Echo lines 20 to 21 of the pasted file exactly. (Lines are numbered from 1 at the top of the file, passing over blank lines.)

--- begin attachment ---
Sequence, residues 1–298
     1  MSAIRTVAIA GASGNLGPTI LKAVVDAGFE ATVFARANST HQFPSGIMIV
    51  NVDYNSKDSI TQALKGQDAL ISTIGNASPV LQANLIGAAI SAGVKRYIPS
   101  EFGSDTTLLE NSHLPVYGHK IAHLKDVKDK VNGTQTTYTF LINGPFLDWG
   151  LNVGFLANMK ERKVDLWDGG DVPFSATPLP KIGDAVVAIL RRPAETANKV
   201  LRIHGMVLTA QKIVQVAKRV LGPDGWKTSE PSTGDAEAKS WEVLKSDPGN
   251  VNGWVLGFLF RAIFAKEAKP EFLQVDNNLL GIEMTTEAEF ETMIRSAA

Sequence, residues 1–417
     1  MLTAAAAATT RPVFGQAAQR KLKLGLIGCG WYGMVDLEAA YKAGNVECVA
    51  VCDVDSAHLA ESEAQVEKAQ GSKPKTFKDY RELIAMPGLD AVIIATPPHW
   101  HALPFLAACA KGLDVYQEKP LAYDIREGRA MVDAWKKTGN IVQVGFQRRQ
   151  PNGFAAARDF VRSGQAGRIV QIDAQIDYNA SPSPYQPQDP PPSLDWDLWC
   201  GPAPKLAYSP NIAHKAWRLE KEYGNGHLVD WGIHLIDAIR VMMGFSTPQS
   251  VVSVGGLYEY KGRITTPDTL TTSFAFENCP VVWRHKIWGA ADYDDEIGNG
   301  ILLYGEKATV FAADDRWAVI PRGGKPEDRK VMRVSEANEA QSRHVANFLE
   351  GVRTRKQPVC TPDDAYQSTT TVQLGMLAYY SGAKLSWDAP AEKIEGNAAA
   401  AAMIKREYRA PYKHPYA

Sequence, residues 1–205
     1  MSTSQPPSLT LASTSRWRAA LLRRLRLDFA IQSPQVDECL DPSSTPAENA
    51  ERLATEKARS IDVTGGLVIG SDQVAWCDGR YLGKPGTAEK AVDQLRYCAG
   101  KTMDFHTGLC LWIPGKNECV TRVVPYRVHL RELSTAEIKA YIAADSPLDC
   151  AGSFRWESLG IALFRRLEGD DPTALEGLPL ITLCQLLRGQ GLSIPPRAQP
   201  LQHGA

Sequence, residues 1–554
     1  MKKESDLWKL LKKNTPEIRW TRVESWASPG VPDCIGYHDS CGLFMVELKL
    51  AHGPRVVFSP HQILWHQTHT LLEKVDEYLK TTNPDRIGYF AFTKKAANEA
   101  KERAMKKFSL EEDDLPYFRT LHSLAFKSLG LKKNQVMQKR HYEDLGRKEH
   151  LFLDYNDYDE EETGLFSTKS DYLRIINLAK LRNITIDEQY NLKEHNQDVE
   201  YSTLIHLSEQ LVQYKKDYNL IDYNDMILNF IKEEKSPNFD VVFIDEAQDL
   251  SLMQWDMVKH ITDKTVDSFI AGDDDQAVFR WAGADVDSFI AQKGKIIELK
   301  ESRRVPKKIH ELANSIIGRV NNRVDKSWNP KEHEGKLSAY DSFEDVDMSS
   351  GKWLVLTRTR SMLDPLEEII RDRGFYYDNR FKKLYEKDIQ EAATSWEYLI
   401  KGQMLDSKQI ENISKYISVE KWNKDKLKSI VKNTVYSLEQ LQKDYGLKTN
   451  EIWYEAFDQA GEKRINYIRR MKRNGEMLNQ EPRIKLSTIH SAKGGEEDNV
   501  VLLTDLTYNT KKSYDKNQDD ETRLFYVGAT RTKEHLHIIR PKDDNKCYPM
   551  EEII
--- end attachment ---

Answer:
    51  ERLATEKARS IDVTGGLVIG SDQVAWCDGR YLGKPGTAEK AVDQLRYCAG
   101  KTMDFHTGLC LWIPGKNECV TRVVPYRVHL RELSTAEIKA YIAADSPLDC